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8 Signs of FAKE Oils

November 7, 2017

Let’s address the elephant in the room 🐘 …

WHY would I purchase pricey essential oils from Young Living when I can go to TJ Maxx, Target or Amazon and get it half the price? Simple! You’re getting what you pay for!! This top bottle is a brand we used to purchase at Target. Cheap, convenient, we thought we were doing it right. But what I was unaware of is that it wasn’t 100% Lavender oil. The bottle says NOT FOR INTERNAL USE for a reason! It’s loaded with chemical fillers. Last week we learned through an essential oils class that legally, it only has to be 10% essential oil for a company to sell it…😳 What the…

With Young Living, every single oil is followed from Seed to Seal to ensure it is clean & safe enough for you to EAT. Zoom in on these two bottles and see for yourself! This is why it is the only brand I will recommend to my clients.

It’s simple: Friends don’t let friends buy cheap oils


It’s easy to purchase essential oils, but choosing a high quality essential oil can be anything but. When it comes to essential oils, it’s important to remember that going with the cheapest option isn’t always best. For effectiveness, they should be 100% pure, otherwise, you’re wasting your hard earned money, as low-quality oils don’t offer the benefits that a high-quality essential oil does.

Poor quality essential oils simply refers to oils that have been distilled from poor crops. They may have additives or have been handled improperly. With these types of oils, you might as well be putting water onto your skin – or, sometimes even worse as some poor quality oils have been adulterated and potentially come with harmful side effects. Ideally, your essential oil should be a bottle of potent liquid that’s been distilled from the flower, root, leaf, or rind of an aromatic plant.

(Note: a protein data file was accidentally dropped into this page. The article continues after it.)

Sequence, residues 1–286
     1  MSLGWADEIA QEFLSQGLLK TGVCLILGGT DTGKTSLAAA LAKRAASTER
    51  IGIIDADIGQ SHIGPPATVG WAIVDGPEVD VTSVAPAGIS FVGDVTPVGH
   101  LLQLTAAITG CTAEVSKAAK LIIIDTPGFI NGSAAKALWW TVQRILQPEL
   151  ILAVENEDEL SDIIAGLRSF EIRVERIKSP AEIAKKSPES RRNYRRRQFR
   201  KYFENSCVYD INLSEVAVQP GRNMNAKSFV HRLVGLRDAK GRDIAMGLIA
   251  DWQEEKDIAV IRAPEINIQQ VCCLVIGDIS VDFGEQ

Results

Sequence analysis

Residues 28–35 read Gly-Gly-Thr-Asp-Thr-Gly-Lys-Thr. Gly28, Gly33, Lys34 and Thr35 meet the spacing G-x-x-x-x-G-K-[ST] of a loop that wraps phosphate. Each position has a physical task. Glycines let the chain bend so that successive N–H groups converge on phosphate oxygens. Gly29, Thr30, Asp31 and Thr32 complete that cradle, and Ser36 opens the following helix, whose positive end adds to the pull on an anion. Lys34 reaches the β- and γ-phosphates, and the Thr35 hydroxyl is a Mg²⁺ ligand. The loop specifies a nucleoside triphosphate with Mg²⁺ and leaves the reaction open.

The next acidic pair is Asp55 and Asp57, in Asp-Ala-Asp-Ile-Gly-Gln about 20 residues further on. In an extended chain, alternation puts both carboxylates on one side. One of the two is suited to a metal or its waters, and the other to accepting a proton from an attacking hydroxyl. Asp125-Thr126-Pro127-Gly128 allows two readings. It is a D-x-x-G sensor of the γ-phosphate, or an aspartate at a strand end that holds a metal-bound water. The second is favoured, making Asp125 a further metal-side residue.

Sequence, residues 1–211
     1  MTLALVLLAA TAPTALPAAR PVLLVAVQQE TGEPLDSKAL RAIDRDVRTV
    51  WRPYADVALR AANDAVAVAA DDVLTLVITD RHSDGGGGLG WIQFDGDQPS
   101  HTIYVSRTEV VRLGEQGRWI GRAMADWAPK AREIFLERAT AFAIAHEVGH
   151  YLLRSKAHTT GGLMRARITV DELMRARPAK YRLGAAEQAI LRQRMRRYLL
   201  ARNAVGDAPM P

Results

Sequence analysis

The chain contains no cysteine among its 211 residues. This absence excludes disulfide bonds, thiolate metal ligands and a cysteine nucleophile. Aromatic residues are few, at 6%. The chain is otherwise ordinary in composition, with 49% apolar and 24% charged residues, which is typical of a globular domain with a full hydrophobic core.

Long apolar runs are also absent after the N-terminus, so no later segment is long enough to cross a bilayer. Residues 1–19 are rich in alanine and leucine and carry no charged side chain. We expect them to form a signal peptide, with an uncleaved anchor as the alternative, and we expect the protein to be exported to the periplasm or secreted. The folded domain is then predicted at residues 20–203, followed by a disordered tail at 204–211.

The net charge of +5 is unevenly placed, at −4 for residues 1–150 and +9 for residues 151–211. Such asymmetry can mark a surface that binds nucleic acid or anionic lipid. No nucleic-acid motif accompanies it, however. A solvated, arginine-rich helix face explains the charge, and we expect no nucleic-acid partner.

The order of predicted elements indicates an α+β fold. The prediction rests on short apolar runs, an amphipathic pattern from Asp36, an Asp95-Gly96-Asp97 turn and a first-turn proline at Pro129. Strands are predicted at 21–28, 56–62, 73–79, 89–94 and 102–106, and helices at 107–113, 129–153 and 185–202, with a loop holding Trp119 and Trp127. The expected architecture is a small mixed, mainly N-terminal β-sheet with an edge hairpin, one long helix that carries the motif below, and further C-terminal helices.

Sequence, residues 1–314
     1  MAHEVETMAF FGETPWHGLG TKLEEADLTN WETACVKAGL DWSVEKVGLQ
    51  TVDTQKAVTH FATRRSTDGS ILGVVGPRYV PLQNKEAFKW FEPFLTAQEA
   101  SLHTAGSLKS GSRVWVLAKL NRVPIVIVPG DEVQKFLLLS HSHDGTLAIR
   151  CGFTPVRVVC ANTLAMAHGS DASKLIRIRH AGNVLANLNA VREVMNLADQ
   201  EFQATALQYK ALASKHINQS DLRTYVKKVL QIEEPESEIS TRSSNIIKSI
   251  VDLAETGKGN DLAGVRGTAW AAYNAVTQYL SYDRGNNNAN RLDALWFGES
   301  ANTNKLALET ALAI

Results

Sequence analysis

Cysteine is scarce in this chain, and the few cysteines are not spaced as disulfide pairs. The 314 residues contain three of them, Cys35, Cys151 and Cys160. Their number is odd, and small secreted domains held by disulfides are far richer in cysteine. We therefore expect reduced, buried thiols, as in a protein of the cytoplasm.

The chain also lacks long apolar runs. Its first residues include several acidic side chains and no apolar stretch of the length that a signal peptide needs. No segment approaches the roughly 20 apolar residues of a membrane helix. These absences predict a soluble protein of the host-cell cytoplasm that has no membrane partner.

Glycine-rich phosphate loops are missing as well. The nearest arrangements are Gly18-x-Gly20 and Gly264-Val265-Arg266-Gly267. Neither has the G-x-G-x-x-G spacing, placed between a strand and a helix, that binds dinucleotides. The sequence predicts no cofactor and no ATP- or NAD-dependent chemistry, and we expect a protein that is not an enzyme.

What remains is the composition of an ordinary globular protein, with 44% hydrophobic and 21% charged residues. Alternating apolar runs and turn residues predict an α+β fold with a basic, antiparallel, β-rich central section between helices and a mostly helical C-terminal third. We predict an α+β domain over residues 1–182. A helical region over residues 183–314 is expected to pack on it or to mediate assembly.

So how do you know if you’re getting a fake essential oil instead of the real thing? These signs are all excellent clues to use to avoid getting ripped off.

1. CONTAINER

Is the essential oil you’re buying stored inside a plastic or clear glass? Most vendors sell quality oils in sizes of 4 oz. or smaller, contained in a dark colored glass bottle with an eyedropper bulb. Storing the oil in a glass container is essential due to the strong chemical compounds in the oil that break down and react when coming in contact with plastic. The glass needs to be a dark color too, such as amber or dark blue, in order to keep the oil from ultraviolet degradation. If you’re purchasing your oil in person, such as a health food store, be sure that the bottles are in a cool place – if they’re subject to heat it can cause negative changes in the chemical composition of the oil.

2. NAME

Most people shop online for essential oils these days. If you’re one of them, as you add those items to your cart, make sure the online store includes the common name of the oil as well as the Latin name. If the Latin name isn’t there, it may actually be a non-essential oil that simply has perfume added to give it its scent. For example, when purchasing Peppermint, look for something that reads: Peppermint, Mentha x piperita.A very cheap price

3. PRICE